Stephane Dion's honeymoon with voters may be over. A new poll suggests fewer than one fifth of Canadians think he would make a good prime minister, as the parties gear up for a possible spring election.

"I think his problem is that he's not known," Tim Woolstencroft of The Strategic Counsel told on Monday.

"He clearly has not created an image for himself, and the Conservatives are in there trying to define his image and his leadership, and that's a challenge for him."

Following the release of Tory attack ads aimed directly at Dion, just 18 per cent of respondents thought the Liberal leader would do the best job as prime minister, compared to 36 per cent for Stephen Harper.

The Strategic Counsel conducted the survey between Feb. 15-18, for CTV News and The Globe and Mail.

Woolstencroft said Dion's numbers may improve as he boosts his political profile across the country. He also added that Harper would have received similar results in 2004, just after he became leader of the Conservative party.

But when asked how respondents would vote today, the Liberals showed a significant drop since Dion first won his party's leadership race (percentage-point change from a Dec. 3 poll in brackets):

  • Liberals: 29 per cent (- 8)
  • Conservatives: 34 per cent (+ 3)
  • NDP: 14 per cent (none)
  • Bloc Quebecois: 11 per cent (none)
  • Green Party: 12 per cent (+ 5)

"This is clearly the first significant piece of evidence we've seen that suggests the Tories have a good foundation to move forward with a spring election," said Woolstencroft.

"But keep in mind we still have to see some more movement. Right now, those numbers would by and large replicate what we got in the last election."

He added that the Conservatives likely need 38 or 40 per cent to win a majority government, and it's unclear if the latest poll indicates a growing trend.

Harper has also been unable to generate much more support in Ontario and Quebec.

"This is far from a slam dunk for Harper," said Woolstencroft. "There is a tremendous amount of ambivalence in Quebec and Ontario, with the numbers suggesting he is not close to a deal with (voters)."

In Ontario, the difference is just two per cent, less than the five per cent margin of error for the province's sample size (for details see 'Technical notes' below). Here are the results (percentage-point change from a Dec. 3 poll in brackets):

  • Liberals: 39 per cent (- 9)
  • Conservatives: 34 per cent (+ 2)
  • NDP: 14 per cent (- 1)
  • Green Party: 13 per cent (+ 8)

A spring election could still be triggered if the opposition parties vote against the government's upcoming federal budget. And according to Robert Fife, CTV's Ottawa bureau chief, there's another plausible scenario.

"All three opposition parties have just passed a bill demanding that the government meet the Kyoto targets, even though they know it's impossible to meet and could harm the economy," said Fife.

"All Stephen Harper has to do is present his own environmental plan that's credible, put some money into it with some targets, make it a confidence vote, and bingo -- he's trapped the opposition parties."

The best prime minister

Dion, an environmentalist who famously named his dog Kyoto, has made tackling climate change a major issue for his party.

But the poll hints that Canadians do not consider his plan much more effective than that offered by the Conservatives:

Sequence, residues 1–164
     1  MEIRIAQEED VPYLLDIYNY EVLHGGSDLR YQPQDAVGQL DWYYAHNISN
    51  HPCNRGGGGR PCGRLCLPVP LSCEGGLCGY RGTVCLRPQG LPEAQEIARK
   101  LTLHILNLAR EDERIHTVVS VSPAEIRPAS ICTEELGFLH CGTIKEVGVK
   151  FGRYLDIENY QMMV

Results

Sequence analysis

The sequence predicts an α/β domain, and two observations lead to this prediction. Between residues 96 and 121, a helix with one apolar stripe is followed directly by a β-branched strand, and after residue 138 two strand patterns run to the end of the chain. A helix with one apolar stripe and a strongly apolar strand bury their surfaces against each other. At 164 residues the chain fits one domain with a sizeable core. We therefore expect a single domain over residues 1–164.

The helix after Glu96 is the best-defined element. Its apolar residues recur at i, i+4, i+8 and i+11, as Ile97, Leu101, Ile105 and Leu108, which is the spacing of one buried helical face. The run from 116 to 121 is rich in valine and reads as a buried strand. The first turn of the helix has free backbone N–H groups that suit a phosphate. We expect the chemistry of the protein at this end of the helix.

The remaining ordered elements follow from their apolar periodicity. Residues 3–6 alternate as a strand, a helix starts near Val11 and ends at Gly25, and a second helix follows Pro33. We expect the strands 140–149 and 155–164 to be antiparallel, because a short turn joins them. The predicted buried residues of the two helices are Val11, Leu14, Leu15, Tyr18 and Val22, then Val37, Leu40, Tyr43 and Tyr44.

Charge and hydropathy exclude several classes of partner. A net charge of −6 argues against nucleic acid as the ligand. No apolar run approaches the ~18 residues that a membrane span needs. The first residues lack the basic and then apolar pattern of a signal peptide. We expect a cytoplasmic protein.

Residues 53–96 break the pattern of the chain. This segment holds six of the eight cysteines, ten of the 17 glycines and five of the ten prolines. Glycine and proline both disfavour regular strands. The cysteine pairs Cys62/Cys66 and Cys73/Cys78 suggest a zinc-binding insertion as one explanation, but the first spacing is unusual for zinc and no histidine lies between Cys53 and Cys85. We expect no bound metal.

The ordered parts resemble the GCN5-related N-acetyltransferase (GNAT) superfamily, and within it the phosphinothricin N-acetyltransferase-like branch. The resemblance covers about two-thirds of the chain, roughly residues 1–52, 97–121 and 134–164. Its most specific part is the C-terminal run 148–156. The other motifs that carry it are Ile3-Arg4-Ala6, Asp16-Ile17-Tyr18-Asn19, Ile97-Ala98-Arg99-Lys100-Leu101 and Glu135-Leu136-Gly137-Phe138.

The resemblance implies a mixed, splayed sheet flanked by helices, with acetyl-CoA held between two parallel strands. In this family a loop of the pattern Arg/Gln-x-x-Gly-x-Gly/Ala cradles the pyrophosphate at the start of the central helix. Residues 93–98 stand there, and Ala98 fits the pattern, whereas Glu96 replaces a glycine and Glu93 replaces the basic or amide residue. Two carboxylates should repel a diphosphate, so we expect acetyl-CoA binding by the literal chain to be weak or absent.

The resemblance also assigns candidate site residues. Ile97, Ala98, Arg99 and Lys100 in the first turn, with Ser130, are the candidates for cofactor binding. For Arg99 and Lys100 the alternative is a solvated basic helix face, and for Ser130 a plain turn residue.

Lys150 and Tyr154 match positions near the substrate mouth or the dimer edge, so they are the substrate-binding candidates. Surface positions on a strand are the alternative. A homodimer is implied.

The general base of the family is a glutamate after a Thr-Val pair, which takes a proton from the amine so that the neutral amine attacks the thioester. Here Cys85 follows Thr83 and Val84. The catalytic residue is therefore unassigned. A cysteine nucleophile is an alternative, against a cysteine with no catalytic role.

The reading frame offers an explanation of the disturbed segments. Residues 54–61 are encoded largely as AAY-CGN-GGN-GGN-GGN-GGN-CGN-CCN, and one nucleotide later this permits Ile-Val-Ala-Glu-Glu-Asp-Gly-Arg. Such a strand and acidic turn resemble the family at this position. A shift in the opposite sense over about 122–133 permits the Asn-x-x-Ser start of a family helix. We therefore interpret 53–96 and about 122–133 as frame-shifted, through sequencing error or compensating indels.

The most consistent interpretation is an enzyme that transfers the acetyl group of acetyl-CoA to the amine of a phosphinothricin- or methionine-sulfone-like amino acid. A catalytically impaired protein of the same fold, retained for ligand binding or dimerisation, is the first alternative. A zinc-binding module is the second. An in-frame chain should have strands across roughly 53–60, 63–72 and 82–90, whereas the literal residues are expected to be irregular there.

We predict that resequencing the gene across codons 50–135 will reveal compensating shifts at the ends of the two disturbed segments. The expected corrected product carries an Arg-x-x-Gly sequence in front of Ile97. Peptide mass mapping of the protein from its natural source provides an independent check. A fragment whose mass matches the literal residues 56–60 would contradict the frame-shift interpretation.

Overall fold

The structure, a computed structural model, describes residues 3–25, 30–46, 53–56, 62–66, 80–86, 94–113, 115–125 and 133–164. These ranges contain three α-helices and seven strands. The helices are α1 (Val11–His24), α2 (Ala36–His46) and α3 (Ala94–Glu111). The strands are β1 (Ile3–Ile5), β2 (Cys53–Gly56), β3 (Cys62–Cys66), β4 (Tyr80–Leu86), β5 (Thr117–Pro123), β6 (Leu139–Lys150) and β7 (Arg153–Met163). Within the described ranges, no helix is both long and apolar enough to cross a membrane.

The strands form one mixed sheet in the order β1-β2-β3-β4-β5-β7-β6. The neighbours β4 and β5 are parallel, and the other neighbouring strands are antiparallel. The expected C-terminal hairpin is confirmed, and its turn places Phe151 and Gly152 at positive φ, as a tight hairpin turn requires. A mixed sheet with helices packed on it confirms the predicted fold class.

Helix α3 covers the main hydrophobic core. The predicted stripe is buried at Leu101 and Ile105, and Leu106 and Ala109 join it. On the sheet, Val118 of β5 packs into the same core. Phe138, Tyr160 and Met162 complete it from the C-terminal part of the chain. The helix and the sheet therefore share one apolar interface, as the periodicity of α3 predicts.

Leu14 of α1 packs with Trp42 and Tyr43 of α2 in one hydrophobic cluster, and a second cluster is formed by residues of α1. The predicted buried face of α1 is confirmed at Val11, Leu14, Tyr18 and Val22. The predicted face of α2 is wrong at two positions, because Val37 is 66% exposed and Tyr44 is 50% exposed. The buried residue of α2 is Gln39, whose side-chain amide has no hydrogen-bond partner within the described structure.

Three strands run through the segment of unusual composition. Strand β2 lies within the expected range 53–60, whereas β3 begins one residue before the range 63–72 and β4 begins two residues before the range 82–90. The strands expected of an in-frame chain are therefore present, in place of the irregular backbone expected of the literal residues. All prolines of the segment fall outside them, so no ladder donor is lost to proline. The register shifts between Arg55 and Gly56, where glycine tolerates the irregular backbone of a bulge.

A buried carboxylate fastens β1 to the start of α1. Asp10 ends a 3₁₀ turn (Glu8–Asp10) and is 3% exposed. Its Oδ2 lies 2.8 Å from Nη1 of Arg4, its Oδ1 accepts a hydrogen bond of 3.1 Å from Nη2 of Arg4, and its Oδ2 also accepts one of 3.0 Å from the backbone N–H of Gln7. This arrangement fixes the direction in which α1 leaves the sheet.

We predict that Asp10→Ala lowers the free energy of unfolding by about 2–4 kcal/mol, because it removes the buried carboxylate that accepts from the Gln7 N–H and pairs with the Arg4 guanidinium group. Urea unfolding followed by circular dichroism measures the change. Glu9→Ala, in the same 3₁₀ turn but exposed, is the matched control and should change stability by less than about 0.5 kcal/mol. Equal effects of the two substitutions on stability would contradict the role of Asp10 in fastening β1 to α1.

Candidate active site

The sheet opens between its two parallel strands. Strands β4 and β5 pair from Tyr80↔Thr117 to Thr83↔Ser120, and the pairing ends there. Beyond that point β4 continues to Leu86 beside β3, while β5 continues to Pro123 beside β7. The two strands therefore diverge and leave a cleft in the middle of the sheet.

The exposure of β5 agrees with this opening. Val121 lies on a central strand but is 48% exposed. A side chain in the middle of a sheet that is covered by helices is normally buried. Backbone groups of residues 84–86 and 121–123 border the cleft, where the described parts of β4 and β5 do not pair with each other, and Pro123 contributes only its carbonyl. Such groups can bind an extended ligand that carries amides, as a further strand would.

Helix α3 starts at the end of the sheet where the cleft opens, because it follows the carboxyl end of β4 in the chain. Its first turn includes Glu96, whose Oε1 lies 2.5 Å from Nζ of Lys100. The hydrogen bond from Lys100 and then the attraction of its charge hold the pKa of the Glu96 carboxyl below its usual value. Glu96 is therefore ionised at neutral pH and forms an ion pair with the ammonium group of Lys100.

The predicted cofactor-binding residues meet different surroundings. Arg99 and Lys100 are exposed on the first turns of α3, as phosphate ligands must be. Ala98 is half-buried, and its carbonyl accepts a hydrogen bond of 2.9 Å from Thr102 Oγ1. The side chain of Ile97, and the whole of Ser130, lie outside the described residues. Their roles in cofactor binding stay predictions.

• Liberals: 23 per cent
  • Conservatives: 20 per cent
  • NDP: 21 per cent
  • Bloc Quebecois: 6 per cent
  • Other/don't know/refused: 31 per cent

And on national unity, an issue which first earned Dion his political reputation, he trails Harper. Of those polled, 35 per cent felt Dion was most able to promote the cause, compared to 44 per cent for Harper.

Meanwhile, when asked which party leader had the clearest vision of where he wants to take the country, Harper showed a significant lead over his rivals (percentage-point change from a Dec. 3-4 poll in brackets):

  • Stephen Harper: 50 per cent (+ 18)
  • Stephane Dion: 22 per cent (- 16 from when Paul Martin was leader)
  • Jack Layton: 20 per cent (+ 1)
  • Gilles Duceppe: 8 per cent (- 4)

More than half of respondents also felt that Harper is the most decisive of the party leaders.

  • Harper: 53 per cent
  • Dion: 19 per cent
  • Layton: 20 per cent
  • Duceppe: 8 per cent

Dion also lost out on charisma, which he himself defended shortly after becoming leader of his party.

"I would not have been able to win this race if I had not been able to connect with Canadians ... I have a capacity to communicate with passion and with reason," he said last December.

But respondents seem to have felt otherwise in the poll. Here are the results when voters were asked who was the most charismatic (percentage-point change from a Dec. 3-4 poll in brackets):

  • Harper: 35 per cent (+ 18)
  • Dion: 20 per cent (- 9 from when Martin was leader)
  • Layton: 36 per cent (- 2)
  • Duceppe: 10 per cent (- 4)

Meanwhile, Deputy Liberal Leader Michael Ignatieff and his supporters are enjoying a high profile during question period, frustrating other Liberal MPs, according to Fife.

"They're saying, 'Who's the leader? Stephane Dion or Michael Ignatieff? The Liberal caucus is starting to come apart at the seams," he said.

Technical notes

  • Results are based on tracking among a proportionate national sample of Canadians 18 years of age or older.
  • Interviews were conducted between Feb. 15 and Feb. 18, 2007.
  • The national sample size is 1,000. The margin of error is plus or minus 3.1 percentage points.
  • The Ontario sample is 379. The margin of error is 5.0 percentage points.

With a report by CTV's Robert Fife in Ottawa